I recently had the pleasure of attending the Tennessee Hospital Association’s annual conference, where I moderated a panel called, “Challenges of a Hospital CFO.” I was joined by two fantastic hospital CFOs, Adam Hopper of Methodist North Hospital and Benjamin Cunningham of The University of Tennessee Medical Center. Both Adam and Benjamin graciously shared personal anecdotes and insights about the challenges they face as financial executives in the hospital industry. Although COVID has become less of a news headline in recent months, its impact still lingers – especially on a hospital’s staff and bottom line.
Here are some key takeaways I had from this year’s conference.
Takeaway #1: The hospital business outlook will remain tough for now.
Even before we began our own CFO panel, one of the things that struck me as I talked with attendees of the conference was a shared belief that the business outlook for hospitals was likely to remain rocky in the upcoming year. That is, extreme margin pressure will persist, and as a result, hospitals will need to enact more cost-cutting measures to stay ahead.
Takeaway #2: Hospitals will continue to prioritize staffing issues – especially nursing shortages.
In almost every conference session, the top focus for hospital executives was staffing concerns: recruiting, retaining and streamlining job roles of all frontline workers. Burnout within physician and nursing teams are both at the highest levels they’ve ever been, and hospitals have experienced an unprecedented amount of staffing shortages as a result (this is especially true for nurses). That means, any financial investments hospitals are going to make right now are likely ones that will help solve these staffing challenges.
Takeaway #3: Hospitals will continue to make a push toward value-based care.
Value-based care provides the incentives and flexibility to truly transform care delivery. But with health care costs at an all-time high, many hospitals are stuck straddling a fee-for-service system with their aspirations of a value-based care approach. Much work is needed in these four areas though to make that big leap come to fruition: contracting, physician compensation, digital medicine and care delivery.
Takeaway #4: Technology investments are critical now more than ever.
One of the discussions I had with my fabulous CFO panelists was around technology implementation. Everyone agreed that during COVID, implementing a new technology was low on their list of priorities. Medical staff and other frontline workers were already under a tremendous amount of stress, so introducing a new technology seemed counterproductive at the time. But now that some of the dust has settled from the first few years of the COVID surge, many hospitals are relooking at their plans to introduce technology where it’s needed. And if the technology can assist with their cost-cutting efforts, then it will definitely get prioritized over other initiatives.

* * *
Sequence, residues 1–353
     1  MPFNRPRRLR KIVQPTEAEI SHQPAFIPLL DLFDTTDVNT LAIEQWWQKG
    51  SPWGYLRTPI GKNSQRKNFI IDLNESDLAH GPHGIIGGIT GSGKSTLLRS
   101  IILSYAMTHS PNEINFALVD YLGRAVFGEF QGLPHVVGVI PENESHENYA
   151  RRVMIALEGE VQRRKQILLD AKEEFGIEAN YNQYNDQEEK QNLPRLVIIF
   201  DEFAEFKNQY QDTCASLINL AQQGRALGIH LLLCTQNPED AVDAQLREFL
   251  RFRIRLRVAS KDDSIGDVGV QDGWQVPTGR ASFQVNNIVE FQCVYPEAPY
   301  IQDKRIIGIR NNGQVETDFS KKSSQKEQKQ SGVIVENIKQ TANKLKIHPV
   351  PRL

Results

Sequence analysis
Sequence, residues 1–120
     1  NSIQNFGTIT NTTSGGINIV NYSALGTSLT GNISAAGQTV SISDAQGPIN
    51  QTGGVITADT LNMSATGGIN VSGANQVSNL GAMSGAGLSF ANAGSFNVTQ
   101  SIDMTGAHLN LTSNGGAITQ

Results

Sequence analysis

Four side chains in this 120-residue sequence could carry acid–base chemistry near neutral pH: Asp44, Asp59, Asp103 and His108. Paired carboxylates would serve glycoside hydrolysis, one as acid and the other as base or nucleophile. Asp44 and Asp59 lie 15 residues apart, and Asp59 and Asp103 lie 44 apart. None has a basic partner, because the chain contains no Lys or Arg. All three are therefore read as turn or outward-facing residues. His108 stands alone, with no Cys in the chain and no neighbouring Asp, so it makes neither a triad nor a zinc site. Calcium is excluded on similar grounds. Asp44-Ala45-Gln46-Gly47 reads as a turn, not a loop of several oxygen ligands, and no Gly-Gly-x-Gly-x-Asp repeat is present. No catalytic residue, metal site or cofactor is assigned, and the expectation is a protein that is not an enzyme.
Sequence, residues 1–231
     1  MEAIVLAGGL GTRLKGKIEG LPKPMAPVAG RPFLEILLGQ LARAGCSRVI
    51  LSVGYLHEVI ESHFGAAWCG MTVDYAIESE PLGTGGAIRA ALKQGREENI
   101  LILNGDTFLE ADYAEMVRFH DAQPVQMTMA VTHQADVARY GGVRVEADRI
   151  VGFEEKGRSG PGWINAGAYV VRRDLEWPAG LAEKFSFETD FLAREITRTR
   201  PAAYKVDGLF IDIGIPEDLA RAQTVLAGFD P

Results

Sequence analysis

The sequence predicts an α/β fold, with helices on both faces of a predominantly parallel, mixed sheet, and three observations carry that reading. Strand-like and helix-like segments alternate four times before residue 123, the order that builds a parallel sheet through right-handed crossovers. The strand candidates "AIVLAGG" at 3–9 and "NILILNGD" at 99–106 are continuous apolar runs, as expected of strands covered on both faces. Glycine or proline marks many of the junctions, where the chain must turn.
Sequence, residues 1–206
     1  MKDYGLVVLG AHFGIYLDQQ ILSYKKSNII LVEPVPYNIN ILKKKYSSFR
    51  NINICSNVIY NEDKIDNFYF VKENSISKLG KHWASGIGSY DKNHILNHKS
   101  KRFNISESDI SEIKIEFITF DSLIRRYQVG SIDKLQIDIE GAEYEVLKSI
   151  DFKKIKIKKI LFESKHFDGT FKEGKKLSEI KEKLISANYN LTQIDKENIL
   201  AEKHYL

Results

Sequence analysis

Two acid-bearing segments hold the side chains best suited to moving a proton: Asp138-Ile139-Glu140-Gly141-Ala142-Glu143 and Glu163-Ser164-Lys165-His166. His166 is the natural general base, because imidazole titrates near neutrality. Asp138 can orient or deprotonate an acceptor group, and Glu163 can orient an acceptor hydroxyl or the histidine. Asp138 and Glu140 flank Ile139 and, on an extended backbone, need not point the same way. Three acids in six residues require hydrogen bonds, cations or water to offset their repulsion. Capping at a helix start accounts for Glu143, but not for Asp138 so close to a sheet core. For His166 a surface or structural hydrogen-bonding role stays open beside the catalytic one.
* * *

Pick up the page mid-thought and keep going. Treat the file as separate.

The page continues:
Final Thoughts – Investing in Tech Isn’t an ‘Option’ Any More
Hospital teams clearly have much on their plates, even as the worst days of COVID are (hopefully) behind us. But implementing cost-cutting tactics has become increasingly imperative in the wake of the pandemic, driven by extremely high burnout rates and major staffing issues. Hospitals are more open to investing in technology to help their teams too, but only if they can first address their staffing and financial concerns. And, as a former hospital executive myself, I totally get that. But the fact is, technology investments aren’t optional anymore. Even in our own surveys of physicians nationwide, 83 percent said technology to automate administrative work would help improve productivity.
So, my advice to hospitals is simple: now is the time to give technology and automation a chance. Even in the world of automating physician contract and payment processes – the segment my company Ludi focuses on – when hospitals introduce automation here, they typically see a major reduction in administrative burden on their teams and a 5-6x ROI on their initial investment. Hospitals need to make these and other kinds of tech investments now if they have any hope of chipping away at and counteracting the forces driving down their margins.